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Province launches Northern Policy Institute

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Ontario is launching the Northern Policy Institute to boost the northern economy and help provide a stronger voice to Northern Ontario.

The institute, an independent, not-for-profit organization, will monitor the implementation of the Growth Plan for Northern Ontario and make provincial policy recommendations for the region.

It will work with northern municipalities, post-secondary institutions, research groups, aboriginal organizations, Francophone groups, and industry to set priorities and directions for northern development.

The Northern Policy Institute is proceeding under the direction of two advisors: Dr. Brian Stevenson, president of Lakehead University in Thunder Bay, and Dominic Giroux, president of Laurentian University in Sudbury.

They will provide guidance to the institute, which will be based out of their respective universities.

Investing in Northern Ontario’s communities is part of the McGuinty government’s plan to strengthen the economy.

A strong northern economy creates local jobs and protects the services that mean the most to families: health care and education.

“In extensive consultations across the north during the development of the Growth Plan, northern stakeholders were highly-supportive of establishing a Northern Policy Institute,” said Northern Development and Mines minister Rick Bartolucci.

“I am pleased to launch a public policy institute that will provide a northern perspective for provincial policies and programs that affect Northern Ontario,” he added.

“As a northern minister and as a life-long northerner, I welcome any tool that ensures the unique needs of the north are understood and met,” Bartolucci pledged.

“The Northern Policy Institute is another example of how our government is delivering on the Growth Plan for Northern Ontario, a 25-year vision for strengthening the northern economy,” said Infrastructure and Transportation minister Bob Chiarelli.

“The plan was developed by northerners, for northerners, and this institute will help provide an important northern perspective that will guide decisions now and into the future,” he noted.

“One of the guiding principles of the institute is to stimulate public engagement and dialogue, and promote the viewpoints of Northern Ontarians,” said Thunder Bay-Atikokan MPP Bill Mauro, parliamentary assistant to the minister of Northern Development and Mines.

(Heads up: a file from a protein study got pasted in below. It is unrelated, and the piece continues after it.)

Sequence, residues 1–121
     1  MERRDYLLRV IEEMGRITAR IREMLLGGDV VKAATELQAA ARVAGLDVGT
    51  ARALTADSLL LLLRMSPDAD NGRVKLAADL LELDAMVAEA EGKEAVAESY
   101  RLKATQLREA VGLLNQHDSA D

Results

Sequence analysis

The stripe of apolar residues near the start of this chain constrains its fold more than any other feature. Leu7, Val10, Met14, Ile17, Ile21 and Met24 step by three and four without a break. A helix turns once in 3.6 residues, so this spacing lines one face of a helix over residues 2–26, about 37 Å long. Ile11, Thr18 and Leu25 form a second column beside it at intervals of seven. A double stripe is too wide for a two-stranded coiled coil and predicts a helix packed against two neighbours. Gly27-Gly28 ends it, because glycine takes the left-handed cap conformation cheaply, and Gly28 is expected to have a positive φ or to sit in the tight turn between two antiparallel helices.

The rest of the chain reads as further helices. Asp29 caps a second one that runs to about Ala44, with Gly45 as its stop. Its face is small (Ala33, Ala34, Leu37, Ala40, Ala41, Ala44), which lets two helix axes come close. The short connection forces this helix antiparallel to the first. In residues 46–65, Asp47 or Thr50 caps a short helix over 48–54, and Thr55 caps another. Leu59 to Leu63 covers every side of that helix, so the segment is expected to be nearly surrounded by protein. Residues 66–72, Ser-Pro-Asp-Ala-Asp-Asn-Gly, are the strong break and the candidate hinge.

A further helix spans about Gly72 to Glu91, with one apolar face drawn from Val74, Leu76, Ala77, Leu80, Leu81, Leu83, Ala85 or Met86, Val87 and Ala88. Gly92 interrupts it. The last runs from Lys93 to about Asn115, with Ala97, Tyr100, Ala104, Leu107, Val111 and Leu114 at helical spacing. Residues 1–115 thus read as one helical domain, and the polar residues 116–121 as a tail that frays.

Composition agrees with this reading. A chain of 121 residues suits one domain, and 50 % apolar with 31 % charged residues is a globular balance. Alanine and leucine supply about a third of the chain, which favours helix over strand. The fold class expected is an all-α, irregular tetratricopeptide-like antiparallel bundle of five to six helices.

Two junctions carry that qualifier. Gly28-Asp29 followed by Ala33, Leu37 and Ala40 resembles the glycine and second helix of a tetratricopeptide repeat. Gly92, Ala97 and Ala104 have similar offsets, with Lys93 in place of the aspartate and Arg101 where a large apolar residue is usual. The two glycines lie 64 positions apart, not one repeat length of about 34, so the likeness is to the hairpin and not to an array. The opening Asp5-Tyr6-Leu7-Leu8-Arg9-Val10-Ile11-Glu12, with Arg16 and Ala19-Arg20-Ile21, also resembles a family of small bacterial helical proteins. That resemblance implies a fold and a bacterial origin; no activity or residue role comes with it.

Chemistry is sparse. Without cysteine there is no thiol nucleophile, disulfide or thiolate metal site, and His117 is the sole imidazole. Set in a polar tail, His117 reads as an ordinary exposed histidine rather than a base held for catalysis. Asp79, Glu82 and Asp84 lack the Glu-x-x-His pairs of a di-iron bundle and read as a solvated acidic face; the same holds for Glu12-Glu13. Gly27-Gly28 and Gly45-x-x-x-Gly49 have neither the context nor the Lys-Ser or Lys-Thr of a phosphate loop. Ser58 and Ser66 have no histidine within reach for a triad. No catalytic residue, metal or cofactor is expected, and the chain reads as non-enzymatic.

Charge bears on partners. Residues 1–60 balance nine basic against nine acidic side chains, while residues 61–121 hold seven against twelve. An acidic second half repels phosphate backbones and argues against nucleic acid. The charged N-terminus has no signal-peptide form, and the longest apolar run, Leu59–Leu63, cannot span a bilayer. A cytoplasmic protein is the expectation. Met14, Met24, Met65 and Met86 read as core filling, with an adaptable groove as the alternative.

“The institute will provide valuable and welcome opportunities to members of the public to share their ideas,” he remarked.

“I’d like to give special thanks to NOMA and ‘Common Voice Northwest’ for their strong advocacy of a policy institute throughout the Growth Plan consultation process, as well as all northerners who shared that vision,” said Thunder Bay-Superior North MPP Michael Gravelle, who also is the minister of natural resources.

“And, of course, to presidents Stevenson and Giroux for their continued commitment to seeing us achieve this important goal for northerners,” he added.

“The Northern Policy Institute’s mandate complements the themes of the Growth Plan, and sets the tone for a collaborative, evidence-based multi-sector approach engaging public- and private-sector partners to conduct research,” said Dr. Stevenson.

“The institute will provide a northern perspective, grounded in quality research, to guide the policy development and economic decisions of governments, communities, business, and industry,” he explained.

“Input from First Nations’ leadership will be an important part of the Northern Policy Institute’s work, by including an aboriginal perspective in developing policy recommendations affecting their communities, as well as communities across the north.”

“The Northern Policy Institute will focus on northern policy priorities in partnership with stakeholder groups from throughout Northern Ontario, including municipal associations, Francophone groups, labour groups, universities, colleges, indigenous organizations, and private-sector industry,” echoed Giroux.

“The institute responds to the expressed intent of northerners having a stronger say in policy directions affecting the north.

“This investment over the next five years will allow for policies that are proposed for and by the north, leading to better community engagement in the decisions that affect the day-to-day lives in our communities,” he said.

A search is underway for the founding CEO, who will oversee the institute’s preparation of a five-year business plan.

In April, 2011, a questionnaire was sent to more than 1,400 individuals and organizations seeking input on the mandate of the institute.

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